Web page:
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Photo Credit: John Konstantaras

Huskers’ Offense Might Be in a Purgatory of Play-Calling and Personnel

November 07, 2020

When I think back on Nebraska’s 21-13 loss at Northwestern to open this strange season 0-2—which probably won’t be all that often, to be honest—the first play I will probably think of will be the flea-flicker to open the fourth quarter.

That was after starting quarterback Adrian Martinez’s brutal interception on a last-gasp ball hung up over the middle of the field with the Huskers in scoring territory.

It was after a clutch stop from the defense that minimized the damage of that interception.

The flea-flicker was after Nebraska had started off its chance to respond to difficult circumstances––the drive after the stop started at the Huskers’ 10––with two positive plays, an 8-yard run from running back Dedrick Mills and a 6-yard pass from Luke McCaffrey to redshirt freshman Chris Hickman. McCaffrey went in for Martinez following the pick and this was a strong start. We’ve seen so far this season how much momentum means for this offense. When it starts a drive strong, it can get rolling quickly. And it had.

But with some time to think about it due to the quarter break and a first-and-10 with 15 minutes left to make up a 1-point deficit, Nebraska went with a gimmick. The pitch from Mills to McCaffrey was off target, the result was a 12-yard loss, followed by a false start, and a dead drive.

The point here isn’t the call itself. I’m sure the Husker staff saw something it liked and if it had worked it would’ve been praised for its gutsiness. But it’s still a gimmick and it struck me as emblematic of a pretty serious issue for the offense right now.

It’s stuck in a middle ground, a purgatory of play-calling and personnel.

On paper, Nebraska is more talented than every team in the West. That’s what the recruiting rankings say, but the gap isn’t so large that the Huskers can just get the ball to their best playmakers and expect them to win one-on-one the majority of the time. It doesn’t have those guys yet, or at least not enough of them. On a disastrous day in the red zone, the Huskers targeted Rutgers-transfer tight end Travis Vokolek twice for jump balls. He’s a big body and the rest of the season might show why that was the smart call, but it’s probably not how anyone was drawing it up in the offseason.

But the bigger issue might be this: Against a very good Northwestern defense, which must be noted, Nebraska didn’t look like it had any pet plays. It couldn’t “play the hits.” If there was something the Huskers knew they could execute and knew would work, it didn’t show up on Saturday.

McCaffrey’s fourth-quarter interception, which ricocheted off the helmet of tackle Bryce Benhart (helmet-based picks giveth and they taketh away), was perhaps the best example of this second issue. One of those jump balls to Vokolek resulted in a, let’s call it generous, pass interference call that set the Huskers up at Northwestern’s 2-yard line. It’s an 8-point game now. You need 2 yards and a 2-point conversion, but you’ll take those odds, right?

Mills’ first-down run went for a loss of 2 and Nebraska’s next play was a high-risk pass through the heart of a compressed defense. Lot of traffic down that close to the goal line. The pass didn’t make it through the intersection.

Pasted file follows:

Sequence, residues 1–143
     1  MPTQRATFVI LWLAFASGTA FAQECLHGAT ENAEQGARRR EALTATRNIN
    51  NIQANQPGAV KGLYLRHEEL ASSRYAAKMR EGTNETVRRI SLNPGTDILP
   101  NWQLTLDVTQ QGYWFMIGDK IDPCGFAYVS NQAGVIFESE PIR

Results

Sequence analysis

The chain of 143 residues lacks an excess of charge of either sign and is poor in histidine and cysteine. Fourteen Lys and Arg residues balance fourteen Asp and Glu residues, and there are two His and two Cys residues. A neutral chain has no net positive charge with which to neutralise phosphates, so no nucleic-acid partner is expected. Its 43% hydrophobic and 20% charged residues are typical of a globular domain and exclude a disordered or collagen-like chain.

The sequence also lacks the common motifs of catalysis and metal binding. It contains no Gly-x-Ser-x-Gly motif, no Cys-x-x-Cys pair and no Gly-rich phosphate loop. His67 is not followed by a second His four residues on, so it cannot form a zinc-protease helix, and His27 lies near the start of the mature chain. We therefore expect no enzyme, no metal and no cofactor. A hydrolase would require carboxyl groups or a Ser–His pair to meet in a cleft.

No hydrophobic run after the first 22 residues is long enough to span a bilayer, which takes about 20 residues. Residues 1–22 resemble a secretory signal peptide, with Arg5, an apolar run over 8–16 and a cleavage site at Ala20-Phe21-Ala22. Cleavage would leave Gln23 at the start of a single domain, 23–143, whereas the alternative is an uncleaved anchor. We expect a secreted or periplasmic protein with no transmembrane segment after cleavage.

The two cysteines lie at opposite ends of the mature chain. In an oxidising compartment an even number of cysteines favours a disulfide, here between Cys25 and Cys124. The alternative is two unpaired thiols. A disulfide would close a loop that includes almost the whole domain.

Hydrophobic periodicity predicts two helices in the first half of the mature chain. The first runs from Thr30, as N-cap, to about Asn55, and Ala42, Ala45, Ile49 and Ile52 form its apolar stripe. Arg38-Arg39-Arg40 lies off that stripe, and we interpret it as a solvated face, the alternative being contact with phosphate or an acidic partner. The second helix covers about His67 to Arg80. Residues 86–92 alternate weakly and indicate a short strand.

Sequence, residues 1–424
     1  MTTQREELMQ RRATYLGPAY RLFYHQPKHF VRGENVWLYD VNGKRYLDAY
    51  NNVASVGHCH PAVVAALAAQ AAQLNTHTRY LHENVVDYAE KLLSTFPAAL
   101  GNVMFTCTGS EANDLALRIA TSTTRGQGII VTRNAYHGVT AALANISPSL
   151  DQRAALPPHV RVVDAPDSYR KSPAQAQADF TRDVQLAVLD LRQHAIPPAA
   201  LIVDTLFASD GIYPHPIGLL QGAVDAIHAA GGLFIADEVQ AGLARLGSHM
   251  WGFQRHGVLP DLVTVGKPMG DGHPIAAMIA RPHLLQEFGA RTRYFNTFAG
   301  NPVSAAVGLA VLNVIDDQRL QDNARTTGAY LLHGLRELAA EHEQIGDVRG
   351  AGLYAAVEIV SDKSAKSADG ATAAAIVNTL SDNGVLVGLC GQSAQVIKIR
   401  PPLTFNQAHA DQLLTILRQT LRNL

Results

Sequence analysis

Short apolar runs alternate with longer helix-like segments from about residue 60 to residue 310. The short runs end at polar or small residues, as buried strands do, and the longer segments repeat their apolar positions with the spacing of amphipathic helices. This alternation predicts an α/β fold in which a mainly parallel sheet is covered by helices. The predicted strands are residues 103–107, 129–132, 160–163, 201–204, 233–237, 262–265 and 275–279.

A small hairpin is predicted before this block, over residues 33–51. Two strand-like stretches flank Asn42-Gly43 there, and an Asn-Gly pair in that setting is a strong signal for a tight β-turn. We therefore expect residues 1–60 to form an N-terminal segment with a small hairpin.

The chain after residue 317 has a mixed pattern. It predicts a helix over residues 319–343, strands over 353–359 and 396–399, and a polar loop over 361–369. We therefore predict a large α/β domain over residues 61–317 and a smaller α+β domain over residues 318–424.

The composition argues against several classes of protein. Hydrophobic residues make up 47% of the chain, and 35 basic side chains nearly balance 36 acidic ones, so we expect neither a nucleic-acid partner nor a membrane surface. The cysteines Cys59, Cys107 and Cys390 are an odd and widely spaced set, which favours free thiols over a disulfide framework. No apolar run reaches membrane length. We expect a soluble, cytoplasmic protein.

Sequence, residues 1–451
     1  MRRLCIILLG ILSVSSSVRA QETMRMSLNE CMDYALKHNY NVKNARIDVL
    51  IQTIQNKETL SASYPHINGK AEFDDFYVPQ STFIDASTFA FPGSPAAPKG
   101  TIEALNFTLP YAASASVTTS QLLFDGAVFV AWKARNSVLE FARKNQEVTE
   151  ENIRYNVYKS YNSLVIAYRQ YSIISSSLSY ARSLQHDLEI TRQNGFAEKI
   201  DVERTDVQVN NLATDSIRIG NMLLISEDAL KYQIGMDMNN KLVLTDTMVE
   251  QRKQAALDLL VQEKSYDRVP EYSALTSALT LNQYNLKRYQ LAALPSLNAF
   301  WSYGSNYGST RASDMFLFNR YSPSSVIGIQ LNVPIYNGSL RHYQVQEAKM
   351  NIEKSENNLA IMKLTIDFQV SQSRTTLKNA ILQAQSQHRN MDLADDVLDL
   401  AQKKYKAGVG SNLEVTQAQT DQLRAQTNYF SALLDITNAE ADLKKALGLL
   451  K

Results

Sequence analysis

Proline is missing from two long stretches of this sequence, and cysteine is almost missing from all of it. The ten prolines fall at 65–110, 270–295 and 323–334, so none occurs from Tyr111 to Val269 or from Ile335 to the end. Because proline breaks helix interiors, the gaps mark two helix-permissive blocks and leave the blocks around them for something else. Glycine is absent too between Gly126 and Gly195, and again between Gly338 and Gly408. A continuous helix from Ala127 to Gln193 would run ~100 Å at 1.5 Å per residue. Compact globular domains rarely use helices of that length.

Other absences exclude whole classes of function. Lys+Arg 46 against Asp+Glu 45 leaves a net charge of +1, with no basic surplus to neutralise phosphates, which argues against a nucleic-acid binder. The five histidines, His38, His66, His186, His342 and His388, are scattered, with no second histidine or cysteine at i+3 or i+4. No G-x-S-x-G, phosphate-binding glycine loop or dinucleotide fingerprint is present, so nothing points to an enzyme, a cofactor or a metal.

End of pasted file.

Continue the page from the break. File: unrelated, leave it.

There’s nothing easier than playing armchair offensive coordinator, but don’t let that be the takeaway here. The real point is that a play like that was what Nebraska felt it had to do to become the first team to score on the Wildcats in a second half this season.

Purdue will have to do that next week.

If you look at the stat sheet, this is another box score that looks favorable to the guys in red. The Huskers had 28 first downs to Northwestern’s 14. Nebraska had a 41.6% success rate against a defense that allowed 34.8% 12th nationally, coming in. It hit for an explosive play 12.5% of the time against a defense allowing one on just 10.6% of snaps, ninth-best in the country. The Huskers now have the second- and third-best rushing days against the Wildcats, always tough against the run, since 2018. Ohio State rushed for 279 yards last year and won 52-3. Nebraska rushed for 224 on Saturday and 231 yards in 2018 and lost both.

That 2018 Northwestern game was when it felt like Nebraska’s new offense was really finding its wings. That felt very far away on Saturday. The Huskers have shown they will move the ball on just about anyone. They’ve done it to conference paragons Ohio State and Wisconsin twice each, and, now, have done it to the Wildcats—not that far off those two programs in terms of defense—twice, too.

But yards and big plays aren’t points, and that’s all that matters in this game. It’s not only a talent thing, nor just a “fix-us” problem that can be cleaned up in a couple of weeks. It goes deeper and, while it’s always prudent not to overreact to the latest piece of information, here in Year 3 the hole Nebraska’s still trying to climb out of doesn’t feel much more shallow.

“Listen nobody is more impatient right now than me,” Frost said in a press conference where he put the blame on himself on multiple occasions. “We should be further along than we are right now. I think we’re there. We just have to go out on the field, make it happen and win football games and that starts with me.”

Many Husker fans thought it literally would. But not yet. Not today.

Maybe next week.

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